Studio Sale Auctions are a rare opportunity for buyers to collect your work at unusually low prices, and an opportunity for you to clear your studio to make room for new work.

To help you make the most of your sale, we have put together these top tips learnt from our previous Studio Sale Auction experience and feedback from participating artists.

Price to sell

A defining element of a Studio Sale Auction is that artworks are priced to sell, to help clear your studio. This means setting starting bids (reserves) unusually low or even with no minimum at all.

Not only does this ensure that all artworks will sell and find new homes, but you also get a bigger audience of potential buyers signing up for the auction.

It is worth noting two things in particular about pricing:

  1. Starting bid vs Estimate – Each artwork has a starting bid (reserve) and an estimate. Whilst the starting bid is the minimum price you are happy to accept for the artwork, you are also able to publish an estimate which reflects the true value of the piece. This protects your gallery pricing and market value.
  2. No published results – Sold or unsold, the final price is never published. When the auction ends only the estimate remains online displaying the true market value of your artwork. So only you and the very lucky buyer will know the final price.

For more theory on auction pricing, read What Sells Well at Auction.

"The ability to have low starting bids and 'non-visible' reserves meant that I felt more comfortable putting works out there below the gallery price. Importantly for me, the sold price is not listed publicly, so I don't have to worry about previous clients or galleries questioning the sale of works."
- Studio Sale Artist, July 2022

A flexible pricing structure

You don’t need to have a consistent pricing structure with a Studio Sale Auction. Instead, you can adapt your reserves according to individual pieces.

For instance, if you have a series of much older preparatory works on paper which you are keen to clear from your archive, these could be given extremely low reserve. In comparison, a more recent work on canvas could have a higher reserve, closer to the gallery wall price.

For example:

  • Sketches on paper - No reserve (i.e. starting at £10)
  • Works that have previously received a lot of exposure (online platforms, exhibitions, newsletters, socials) - Reserves 75% below gallery price
  • More recent works on canvas or framed pieces - Reserves 50% below gallery price


"In hindsight maybe it might have been better to include some unframed works or smaller works and then I could have lowered my prices a little more. I learnt a lot from doing this and would love to work with you again, next time I think I’d try some works on paper."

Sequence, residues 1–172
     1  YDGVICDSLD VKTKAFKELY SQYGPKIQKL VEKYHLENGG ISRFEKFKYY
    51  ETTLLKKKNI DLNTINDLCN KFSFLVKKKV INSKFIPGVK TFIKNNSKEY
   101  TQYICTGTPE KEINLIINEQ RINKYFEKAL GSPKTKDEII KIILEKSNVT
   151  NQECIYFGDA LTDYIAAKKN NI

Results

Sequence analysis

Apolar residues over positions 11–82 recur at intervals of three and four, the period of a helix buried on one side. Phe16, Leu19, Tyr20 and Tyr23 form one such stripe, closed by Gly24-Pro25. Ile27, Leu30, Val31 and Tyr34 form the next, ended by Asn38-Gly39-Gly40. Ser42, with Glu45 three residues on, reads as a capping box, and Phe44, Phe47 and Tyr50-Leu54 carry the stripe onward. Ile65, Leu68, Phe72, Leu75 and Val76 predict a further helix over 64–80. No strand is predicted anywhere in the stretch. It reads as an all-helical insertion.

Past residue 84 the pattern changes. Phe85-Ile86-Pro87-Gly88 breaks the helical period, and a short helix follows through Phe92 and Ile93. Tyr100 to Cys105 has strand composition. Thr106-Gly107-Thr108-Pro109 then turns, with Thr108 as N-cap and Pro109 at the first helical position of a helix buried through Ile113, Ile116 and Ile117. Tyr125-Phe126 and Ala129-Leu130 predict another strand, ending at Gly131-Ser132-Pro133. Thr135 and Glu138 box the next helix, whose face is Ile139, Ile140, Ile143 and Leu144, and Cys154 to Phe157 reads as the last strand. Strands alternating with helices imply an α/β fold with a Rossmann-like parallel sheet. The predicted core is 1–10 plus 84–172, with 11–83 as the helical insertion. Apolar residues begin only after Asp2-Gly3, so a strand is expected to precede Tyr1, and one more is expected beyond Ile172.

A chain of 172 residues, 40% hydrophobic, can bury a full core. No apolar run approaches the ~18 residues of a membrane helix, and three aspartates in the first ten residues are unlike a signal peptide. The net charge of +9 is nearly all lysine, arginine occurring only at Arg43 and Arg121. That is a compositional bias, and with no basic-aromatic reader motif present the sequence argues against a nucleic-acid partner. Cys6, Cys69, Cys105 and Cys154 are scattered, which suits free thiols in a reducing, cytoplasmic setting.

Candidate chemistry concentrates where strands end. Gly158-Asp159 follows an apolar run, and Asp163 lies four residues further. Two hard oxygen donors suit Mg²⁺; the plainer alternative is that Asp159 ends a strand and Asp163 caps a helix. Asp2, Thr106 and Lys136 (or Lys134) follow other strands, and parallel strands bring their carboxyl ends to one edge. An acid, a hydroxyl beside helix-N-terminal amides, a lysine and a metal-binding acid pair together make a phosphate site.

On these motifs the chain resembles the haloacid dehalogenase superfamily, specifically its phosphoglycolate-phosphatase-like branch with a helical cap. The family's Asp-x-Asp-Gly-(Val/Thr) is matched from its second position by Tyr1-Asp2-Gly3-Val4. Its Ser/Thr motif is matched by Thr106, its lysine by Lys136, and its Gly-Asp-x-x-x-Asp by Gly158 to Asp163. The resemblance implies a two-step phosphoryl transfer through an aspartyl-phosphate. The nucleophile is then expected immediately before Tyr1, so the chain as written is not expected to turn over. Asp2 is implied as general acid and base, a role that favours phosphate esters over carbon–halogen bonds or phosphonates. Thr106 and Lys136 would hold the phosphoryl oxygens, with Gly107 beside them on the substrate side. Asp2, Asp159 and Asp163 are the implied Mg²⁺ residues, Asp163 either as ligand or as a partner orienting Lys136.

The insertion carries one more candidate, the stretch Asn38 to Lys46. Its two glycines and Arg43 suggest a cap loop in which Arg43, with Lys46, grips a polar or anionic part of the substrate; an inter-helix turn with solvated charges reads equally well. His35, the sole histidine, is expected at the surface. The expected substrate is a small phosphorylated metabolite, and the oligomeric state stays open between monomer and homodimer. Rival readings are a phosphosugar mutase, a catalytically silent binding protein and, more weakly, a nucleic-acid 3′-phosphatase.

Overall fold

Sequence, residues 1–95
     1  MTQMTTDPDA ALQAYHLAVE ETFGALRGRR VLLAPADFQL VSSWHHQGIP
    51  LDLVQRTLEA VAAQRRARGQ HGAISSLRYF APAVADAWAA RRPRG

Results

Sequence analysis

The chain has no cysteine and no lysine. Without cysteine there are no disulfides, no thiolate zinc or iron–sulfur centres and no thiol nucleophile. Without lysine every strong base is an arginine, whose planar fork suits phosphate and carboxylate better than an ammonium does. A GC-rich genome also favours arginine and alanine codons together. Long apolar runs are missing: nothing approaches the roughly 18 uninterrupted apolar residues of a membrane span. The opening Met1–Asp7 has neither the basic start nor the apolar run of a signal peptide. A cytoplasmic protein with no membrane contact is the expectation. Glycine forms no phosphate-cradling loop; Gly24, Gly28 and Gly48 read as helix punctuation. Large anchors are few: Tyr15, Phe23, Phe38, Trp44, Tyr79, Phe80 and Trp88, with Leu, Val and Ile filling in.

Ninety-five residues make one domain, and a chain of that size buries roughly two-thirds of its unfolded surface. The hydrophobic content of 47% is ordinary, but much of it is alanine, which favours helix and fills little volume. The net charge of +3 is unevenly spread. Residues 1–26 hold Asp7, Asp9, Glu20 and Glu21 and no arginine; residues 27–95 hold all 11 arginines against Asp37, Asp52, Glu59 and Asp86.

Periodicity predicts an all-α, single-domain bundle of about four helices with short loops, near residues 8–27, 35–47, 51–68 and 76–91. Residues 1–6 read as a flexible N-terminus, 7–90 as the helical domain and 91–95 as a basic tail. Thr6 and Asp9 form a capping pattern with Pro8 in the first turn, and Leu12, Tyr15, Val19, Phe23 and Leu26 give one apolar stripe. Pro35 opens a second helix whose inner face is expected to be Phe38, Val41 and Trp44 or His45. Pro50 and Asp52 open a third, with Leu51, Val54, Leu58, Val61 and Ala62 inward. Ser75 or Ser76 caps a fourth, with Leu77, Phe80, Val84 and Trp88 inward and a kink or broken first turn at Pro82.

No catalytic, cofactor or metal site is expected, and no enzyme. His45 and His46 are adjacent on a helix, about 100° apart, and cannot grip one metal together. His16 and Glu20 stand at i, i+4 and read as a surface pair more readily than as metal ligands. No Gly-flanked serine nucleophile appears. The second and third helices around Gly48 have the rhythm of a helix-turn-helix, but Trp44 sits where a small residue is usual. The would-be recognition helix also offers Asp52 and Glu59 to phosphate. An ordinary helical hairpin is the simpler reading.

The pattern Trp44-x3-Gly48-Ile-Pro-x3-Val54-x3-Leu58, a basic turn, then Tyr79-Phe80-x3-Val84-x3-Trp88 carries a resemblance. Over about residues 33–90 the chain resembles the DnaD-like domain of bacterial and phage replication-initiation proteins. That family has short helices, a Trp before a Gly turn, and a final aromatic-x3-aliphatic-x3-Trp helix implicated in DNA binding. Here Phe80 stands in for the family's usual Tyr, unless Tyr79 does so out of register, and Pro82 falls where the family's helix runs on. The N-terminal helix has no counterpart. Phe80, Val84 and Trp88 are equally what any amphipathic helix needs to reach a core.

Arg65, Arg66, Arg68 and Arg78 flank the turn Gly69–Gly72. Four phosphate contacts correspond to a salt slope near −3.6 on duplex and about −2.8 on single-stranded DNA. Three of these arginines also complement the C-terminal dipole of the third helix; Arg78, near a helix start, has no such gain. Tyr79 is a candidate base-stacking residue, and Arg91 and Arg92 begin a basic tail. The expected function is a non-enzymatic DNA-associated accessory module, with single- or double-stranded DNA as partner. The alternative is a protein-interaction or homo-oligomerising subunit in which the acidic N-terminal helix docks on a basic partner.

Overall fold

- Studio Sale Artist, 2022.

Limit the choice

If you have several artworks which are very similar, just choose one for the auction. This creates a sense of scarcity (see What sells well at auction) and reduces viewer fatigue.

It also concentrates multiple bidders onto one work which will help it achieve a higher result. After the auction, you can contact the underbidders to offer them the similar works at the same final price or their bid value.

We would recommend including between 4 and 16 works (see below) in a Studio Sale Auction.

Medium and format

If you are able, include a range of mediums or sizes to appeal to a wider audience of buyers.

The overall look

It sounds trivial, but the artworks are listed in lines of four on the auction page. Curating the auction into groups of four that complement each other can help add gravitas and strength to the auction page.

Accurate Cataloguing

Whilst the studio sales are a great opportunity to clear your studio of old works, the cataloguing must still be accurate and clear. If there is an issue with the condition of the work, it is important that this is noted on the artwork page. For example:

Please note: Slight damage to lower left corner. For more information and images, please contact

The works do not have to be framed, but you must be clear about whether the work is framed or unframed - especially if the images you are using show it framed but it is sold without.

Good cataloguing can also be an effective tool in selling your work, particularly in an online only auction. Further details on cataloguing can be found here: How to Prepare Your Artwork for Auction


For a successful auction, promotion is key. We want to get as many people as possible signing up and competing for your work. We have a strong audience of buyers and will market your auction to them but they can’t be relied on alone – promotion is a combined effort between The Auction Collective and the artist.

So please do share as much content as possible with us to help promote you (such as studio shots, videos, headshots etc.) in return we will provide you with a Comms Pack to help spread the word in the most effective way possible.

"Overall the experience and promotion was great - was really interesting to see who registered as bidders on my art especially. My only thoughts are that I needed to do much more to promote my own sale and direct people to the page.”
- Studio Sale Artist, 2022.



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